finish well

This summer has been a swell of nostalgia. Michael Keaton returned as “Batman,” Harrison Ford came back as “Indiana Jones,” and Tom Cruise was Ethan Hunt once more in Mission Impossible 7 (part 1). And Michael Keaton is going to be “Beetlejuice” again next year, along with Tom as Ethan again in MI 7 part 2. I don’t know if Harrison will come back or not, but all of this makes me think about the passage of time, reliving childhood youth, and what it means to grow old, to take “one more trip around the sun,” to see childhood heroes get grayer, and how to finish well.

King Solomon wasn’t a young man anymore. He got old, and he did what the Lord said NOT to do, “You shall not enter into marriage with foreign women, neither shall they with you, for surely they will turn away your heart after their gods.” And that came true, “for when Solomon was old, his wives turned away his heart after other gods, and his heart was not wholly true to the Lord his God, as was the heart of David his father. Solomon did what was evil in the sight of the Lord and did not wholly follow the Lord, as David his father had done (1 Kings 11).” A life not finished well, a long and slow drifting in the wrong direction. The plane got off course slowly and subtly, gradually.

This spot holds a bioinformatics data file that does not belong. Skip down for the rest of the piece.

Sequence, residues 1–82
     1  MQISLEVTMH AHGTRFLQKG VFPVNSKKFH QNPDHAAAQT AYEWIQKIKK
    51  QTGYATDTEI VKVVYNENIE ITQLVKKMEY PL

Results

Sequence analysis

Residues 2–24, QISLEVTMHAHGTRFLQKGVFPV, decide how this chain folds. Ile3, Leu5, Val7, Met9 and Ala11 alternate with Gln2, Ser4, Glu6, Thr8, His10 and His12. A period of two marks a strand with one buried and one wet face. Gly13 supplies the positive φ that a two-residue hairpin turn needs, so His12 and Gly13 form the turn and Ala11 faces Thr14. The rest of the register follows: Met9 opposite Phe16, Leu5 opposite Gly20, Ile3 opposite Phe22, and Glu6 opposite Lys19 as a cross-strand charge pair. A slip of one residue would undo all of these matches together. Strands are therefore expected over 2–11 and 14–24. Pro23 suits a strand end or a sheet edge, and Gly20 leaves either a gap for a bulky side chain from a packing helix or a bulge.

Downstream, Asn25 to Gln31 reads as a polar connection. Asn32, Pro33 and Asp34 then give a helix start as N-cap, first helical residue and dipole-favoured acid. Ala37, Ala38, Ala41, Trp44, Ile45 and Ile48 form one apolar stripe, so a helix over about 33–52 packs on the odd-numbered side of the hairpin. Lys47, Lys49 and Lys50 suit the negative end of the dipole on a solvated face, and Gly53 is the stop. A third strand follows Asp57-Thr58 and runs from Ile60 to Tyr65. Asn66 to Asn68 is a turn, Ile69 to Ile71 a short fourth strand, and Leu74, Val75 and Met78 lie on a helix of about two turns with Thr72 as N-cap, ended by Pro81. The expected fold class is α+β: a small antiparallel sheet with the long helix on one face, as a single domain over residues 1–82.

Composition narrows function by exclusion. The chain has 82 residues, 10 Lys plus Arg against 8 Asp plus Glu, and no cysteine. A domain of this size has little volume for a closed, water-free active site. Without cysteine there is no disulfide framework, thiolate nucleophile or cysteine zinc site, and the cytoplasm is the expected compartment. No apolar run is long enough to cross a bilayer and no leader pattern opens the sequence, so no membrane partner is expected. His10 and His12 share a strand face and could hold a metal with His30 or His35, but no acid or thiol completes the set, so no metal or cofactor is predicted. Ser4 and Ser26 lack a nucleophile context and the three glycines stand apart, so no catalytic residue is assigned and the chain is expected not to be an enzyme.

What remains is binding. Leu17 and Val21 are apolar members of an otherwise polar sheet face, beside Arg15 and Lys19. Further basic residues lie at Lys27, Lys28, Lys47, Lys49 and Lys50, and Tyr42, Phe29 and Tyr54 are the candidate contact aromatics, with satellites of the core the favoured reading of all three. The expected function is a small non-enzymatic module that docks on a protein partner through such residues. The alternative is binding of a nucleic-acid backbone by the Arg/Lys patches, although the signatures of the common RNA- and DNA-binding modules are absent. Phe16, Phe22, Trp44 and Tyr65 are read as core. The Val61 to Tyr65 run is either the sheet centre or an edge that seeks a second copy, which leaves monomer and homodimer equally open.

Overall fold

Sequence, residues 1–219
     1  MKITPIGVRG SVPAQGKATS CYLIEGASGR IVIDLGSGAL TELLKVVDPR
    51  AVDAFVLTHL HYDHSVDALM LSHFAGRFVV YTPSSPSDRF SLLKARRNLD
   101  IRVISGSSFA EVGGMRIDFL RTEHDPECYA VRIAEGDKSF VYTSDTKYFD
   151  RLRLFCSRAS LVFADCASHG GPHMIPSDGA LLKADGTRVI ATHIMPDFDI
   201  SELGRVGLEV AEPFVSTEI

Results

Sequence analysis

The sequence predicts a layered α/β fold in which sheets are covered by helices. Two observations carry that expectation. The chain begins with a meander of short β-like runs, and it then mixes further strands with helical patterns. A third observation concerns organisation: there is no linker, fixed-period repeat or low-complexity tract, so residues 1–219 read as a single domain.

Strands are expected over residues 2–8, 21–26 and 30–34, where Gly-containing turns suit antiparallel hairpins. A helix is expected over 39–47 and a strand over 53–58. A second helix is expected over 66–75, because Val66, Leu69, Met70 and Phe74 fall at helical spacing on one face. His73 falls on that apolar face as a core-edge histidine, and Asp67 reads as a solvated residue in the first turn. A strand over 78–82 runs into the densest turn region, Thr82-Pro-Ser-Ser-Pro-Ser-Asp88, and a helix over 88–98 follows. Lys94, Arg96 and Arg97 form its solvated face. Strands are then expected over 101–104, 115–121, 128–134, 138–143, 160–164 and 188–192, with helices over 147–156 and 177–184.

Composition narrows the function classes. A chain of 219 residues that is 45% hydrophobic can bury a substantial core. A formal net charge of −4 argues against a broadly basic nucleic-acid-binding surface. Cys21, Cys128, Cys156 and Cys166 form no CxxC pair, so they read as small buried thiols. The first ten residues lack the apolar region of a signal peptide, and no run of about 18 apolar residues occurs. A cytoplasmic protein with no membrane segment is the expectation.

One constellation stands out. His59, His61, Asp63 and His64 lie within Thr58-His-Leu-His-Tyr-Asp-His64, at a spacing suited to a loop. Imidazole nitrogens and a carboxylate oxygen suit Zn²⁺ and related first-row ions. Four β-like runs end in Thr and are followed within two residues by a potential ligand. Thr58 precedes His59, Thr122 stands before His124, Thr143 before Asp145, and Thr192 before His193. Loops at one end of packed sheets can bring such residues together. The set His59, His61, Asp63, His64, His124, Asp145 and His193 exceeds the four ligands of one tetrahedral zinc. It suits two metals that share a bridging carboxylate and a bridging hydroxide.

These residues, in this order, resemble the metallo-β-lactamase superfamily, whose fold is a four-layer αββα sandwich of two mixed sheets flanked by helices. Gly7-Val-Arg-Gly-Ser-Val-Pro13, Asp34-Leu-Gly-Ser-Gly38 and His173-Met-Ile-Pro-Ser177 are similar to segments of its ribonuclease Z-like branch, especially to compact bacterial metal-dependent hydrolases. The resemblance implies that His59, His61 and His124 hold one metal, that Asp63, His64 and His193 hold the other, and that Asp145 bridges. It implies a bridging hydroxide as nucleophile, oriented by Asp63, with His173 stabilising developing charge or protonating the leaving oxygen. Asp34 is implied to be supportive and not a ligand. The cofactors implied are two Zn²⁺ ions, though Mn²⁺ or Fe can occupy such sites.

Ugh. The tragedy of not finishing well. The small and seemingly “insignificant” choices add up, and they’re not so insignificant, are they? Erik Raymond wrote, “Building a fulfilling life takes a million tiny decisions, but only one bad choice can wreck it.” The individual ingredients that make the cake, or the individual notes that create the song, matter; bad ingredients make bad cakes, bad notes make bad songs, and bad choices add up to falling short of the Lord, missing the target. Your heart goes out to this guy.

In the end, God won’t be mocked. He said to Solomon, “Since this has been your practice and you have not kept my covenant and my statutes that I have commanded you, I will surely tear the kingdom from you and will give it to your servant (1 Kings 11.” There is a price to pay for sin, rebellion, disobedience. And we will all stand before the judgment seat of God; each of us will give an account of himself to God. How will you answer? The good news is, if you are saved and born again, you are not condemned; you escape judgment, punishment, wrath, and hell. But there are consequences in this world.

Michael, Harrison, and Tom are older and grayer now, maybe a little slower. So am I. No amount of CGI or makeup can change the inevitable: we grow old. The top priority is getting old to the glory of God and finishing well, to hear Him say, “Well done, good and faithful servant.” “The end of the matter, when all has been heard: fear God and keep his commandments, for this is the whole duty of man. For God will bring every deed into judgment, with every secret thing, whether good or evil (Ecclesiastes 12:12-14).